Wireless power outlets for smarter smart homes
As you probably remember from shows that depict the future, we strive to possibility to live in smart homes. A step further toward that goal was achieved by a group of researchers from Fraunhofer Institute, who developed a new Internet-enabled wireless power outlet that support the new IPv6 Internet protocol. The wireless smart socket allows users to control household appliances via their PC, tablet, or a smartphone.
The smart socket was developed in a collaborative effort between the researchers at the Fraunhofer Institute for Communication Systems (Fraunhofer ESK) in Munich in collaboration with the Fraunhofer Institute for Industrial Mathematics (Fraunhofer ITWM) in Kaiserslautern, and the industrial support provided by GmbH.
“We have been able to connect the power outlets wirelessly using the IPv6 protocol”, said Günter Hildebrandt, Fraunhofer ESK research engineer. “All household appliances plugged in one of the sockets can be switched on and off remotely using an IPv6-compatible device such as a smartphone or laptop PC – from anywhere.”
As you might start thinking about enabling access to devices in your home could pose a security threat, but the researchers claim the security of the system can be guaranteed. Wireless control signals are transmitted in the 868-MHz frequency band, and all information is transmitted in encrypted form with the AES-128 advanced encryption standard.
The wireless power outlets are a component of the HexaBus home automation system that was developed by the Fraunhofer ITWM as part of the mySmartGrid project. HexaBus system employs a specially designed USB stick that plugs into any compatible, off-the-shelf router. The user enters the command to switch on an appliance via a standard web browser or a smartphone app.
Because the HexaBus system is based on the IPv6 data communication protocol, a separate IP address is assigned to each power outlet, and thereby to each connected appliance, enabling them to be accessed directly. Aside being used to forward the data to the power outlet, the USB stick can be used to receive information from the wireless power outlets, thus enabling homeowners to monitor and optimize their power consumption.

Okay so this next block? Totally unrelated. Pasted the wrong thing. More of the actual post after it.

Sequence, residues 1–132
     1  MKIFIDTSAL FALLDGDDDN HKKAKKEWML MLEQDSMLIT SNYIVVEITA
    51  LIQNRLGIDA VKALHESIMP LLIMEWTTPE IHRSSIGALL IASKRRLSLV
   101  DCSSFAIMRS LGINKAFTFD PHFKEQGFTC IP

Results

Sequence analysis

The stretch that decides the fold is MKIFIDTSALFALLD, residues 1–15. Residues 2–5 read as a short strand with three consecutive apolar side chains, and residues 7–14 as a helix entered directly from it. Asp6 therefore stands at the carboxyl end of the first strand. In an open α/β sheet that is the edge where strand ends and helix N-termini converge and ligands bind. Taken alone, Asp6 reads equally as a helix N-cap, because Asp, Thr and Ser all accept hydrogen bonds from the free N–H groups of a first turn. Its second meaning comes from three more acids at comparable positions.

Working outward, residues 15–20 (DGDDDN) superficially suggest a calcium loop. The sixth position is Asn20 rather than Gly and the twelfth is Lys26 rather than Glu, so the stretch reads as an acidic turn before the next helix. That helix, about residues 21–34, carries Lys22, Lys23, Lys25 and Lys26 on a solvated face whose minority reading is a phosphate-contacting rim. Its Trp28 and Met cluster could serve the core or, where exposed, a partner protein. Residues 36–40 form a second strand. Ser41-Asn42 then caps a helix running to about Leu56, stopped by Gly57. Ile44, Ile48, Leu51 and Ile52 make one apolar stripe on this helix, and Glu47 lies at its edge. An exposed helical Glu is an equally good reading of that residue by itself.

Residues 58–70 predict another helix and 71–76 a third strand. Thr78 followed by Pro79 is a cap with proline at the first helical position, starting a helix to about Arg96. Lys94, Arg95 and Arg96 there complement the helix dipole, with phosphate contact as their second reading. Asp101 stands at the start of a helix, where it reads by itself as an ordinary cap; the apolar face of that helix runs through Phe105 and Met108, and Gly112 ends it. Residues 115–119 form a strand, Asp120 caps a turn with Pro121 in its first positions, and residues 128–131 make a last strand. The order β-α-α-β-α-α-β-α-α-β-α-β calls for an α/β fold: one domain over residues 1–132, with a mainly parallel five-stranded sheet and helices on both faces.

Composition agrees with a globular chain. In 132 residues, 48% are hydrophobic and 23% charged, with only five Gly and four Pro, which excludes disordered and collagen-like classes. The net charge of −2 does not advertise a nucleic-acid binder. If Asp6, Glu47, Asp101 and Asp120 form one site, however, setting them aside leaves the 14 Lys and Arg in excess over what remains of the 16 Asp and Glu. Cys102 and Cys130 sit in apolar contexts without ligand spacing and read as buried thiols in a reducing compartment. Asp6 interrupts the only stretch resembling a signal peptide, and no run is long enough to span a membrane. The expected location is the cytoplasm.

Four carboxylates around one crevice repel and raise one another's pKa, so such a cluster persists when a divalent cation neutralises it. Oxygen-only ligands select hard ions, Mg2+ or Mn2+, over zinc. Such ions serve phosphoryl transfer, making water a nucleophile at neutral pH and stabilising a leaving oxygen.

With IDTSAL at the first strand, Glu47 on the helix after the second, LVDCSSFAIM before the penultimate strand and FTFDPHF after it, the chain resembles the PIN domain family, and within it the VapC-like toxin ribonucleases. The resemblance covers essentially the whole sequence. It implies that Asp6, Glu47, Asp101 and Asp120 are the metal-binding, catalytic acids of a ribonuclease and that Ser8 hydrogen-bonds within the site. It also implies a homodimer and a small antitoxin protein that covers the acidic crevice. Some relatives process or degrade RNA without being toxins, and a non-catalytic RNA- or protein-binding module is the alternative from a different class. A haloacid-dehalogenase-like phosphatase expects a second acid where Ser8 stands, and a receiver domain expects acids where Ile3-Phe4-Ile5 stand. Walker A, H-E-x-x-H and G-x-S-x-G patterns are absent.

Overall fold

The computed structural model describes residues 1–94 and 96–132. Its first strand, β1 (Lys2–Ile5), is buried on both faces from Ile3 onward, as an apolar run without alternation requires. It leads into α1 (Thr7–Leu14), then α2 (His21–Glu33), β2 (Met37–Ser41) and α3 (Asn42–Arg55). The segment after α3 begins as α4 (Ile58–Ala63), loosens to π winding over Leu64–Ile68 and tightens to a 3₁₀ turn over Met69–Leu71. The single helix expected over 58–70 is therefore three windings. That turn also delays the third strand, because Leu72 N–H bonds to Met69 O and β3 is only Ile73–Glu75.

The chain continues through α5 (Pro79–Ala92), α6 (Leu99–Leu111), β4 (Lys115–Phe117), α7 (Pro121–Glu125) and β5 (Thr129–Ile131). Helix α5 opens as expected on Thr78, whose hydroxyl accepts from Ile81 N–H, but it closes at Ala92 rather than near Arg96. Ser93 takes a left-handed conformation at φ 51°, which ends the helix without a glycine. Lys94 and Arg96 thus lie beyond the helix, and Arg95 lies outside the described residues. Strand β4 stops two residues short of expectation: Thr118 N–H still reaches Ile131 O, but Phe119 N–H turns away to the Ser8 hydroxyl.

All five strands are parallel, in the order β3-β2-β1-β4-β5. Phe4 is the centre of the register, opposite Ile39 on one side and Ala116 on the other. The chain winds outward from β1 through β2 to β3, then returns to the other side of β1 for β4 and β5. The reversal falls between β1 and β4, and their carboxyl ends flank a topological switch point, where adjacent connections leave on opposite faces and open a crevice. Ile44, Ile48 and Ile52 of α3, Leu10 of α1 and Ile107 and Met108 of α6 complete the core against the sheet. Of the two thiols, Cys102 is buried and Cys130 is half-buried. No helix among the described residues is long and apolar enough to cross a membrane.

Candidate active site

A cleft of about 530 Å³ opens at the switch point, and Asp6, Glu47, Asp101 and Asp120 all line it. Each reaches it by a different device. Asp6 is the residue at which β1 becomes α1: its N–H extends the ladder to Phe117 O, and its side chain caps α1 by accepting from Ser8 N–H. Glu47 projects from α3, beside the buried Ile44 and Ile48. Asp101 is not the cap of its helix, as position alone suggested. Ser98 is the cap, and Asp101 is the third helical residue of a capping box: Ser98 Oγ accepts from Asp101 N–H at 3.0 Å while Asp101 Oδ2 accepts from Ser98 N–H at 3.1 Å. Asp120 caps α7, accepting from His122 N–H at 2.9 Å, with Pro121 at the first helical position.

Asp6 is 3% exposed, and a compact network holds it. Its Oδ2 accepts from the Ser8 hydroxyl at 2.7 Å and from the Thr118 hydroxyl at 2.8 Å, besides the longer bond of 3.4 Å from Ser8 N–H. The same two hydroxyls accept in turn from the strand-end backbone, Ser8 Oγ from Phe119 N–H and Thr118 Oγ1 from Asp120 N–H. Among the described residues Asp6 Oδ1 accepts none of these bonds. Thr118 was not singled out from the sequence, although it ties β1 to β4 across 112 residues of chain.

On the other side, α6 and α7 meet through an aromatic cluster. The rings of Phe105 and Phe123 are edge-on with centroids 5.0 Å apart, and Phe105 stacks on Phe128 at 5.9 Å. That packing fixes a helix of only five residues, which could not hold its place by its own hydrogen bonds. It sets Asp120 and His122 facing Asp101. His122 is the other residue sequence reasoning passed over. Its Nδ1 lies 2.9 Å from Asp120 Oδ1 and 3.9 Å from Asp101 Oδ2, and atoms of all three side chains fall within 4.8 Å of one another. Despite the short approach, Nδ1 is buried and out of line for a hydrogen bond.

The system functions by a protocol software developed by Fraunhofer ESK researchers. Hildebrandt and his team developed special protocol software and an extension for the open-source operating system for networked embedded devices named Contiki. Contiki operating system enables communication in a suitable 6LoWpan (IPv6 over Low power Wireless Personal Area Network) communication protocol. This permits users to remotely control a widely distributed network of appliances.
“The HexaBus components make the smart home of the future a reality. They enable household appliances to be controlled intelligently, thus optimizing or reducing electricity consumption. For example, the householder can start the washing machine during cheap-rate off-peak hours, or run the dishwasher when the photovoltaic panels on the roof are generating sufficient power”, said Mathias Dalheimer, industrial engineer of the Fraunhofer ITWM, who leads the SmartGrid project and is its chief programmer.
Current system enables a 30 meters (nearly 100 feet) distance between the power outlet and the router can be as high as 30 meters. The researchers plan to improve this with multihop networking capability that would allow linking of these power outlets in series, thus enabling the router to pass messages from one to another and extending the range of the communication system – a solution that could be of interest to businesses for their office buildings and industrial sites.
The HexaBus power outlets are ready for commercial application. Their manufacture has been entrusted to embedded brains GmbH, the industrial partner that was also responsible for the hardware development of the power outlets and USB sticks.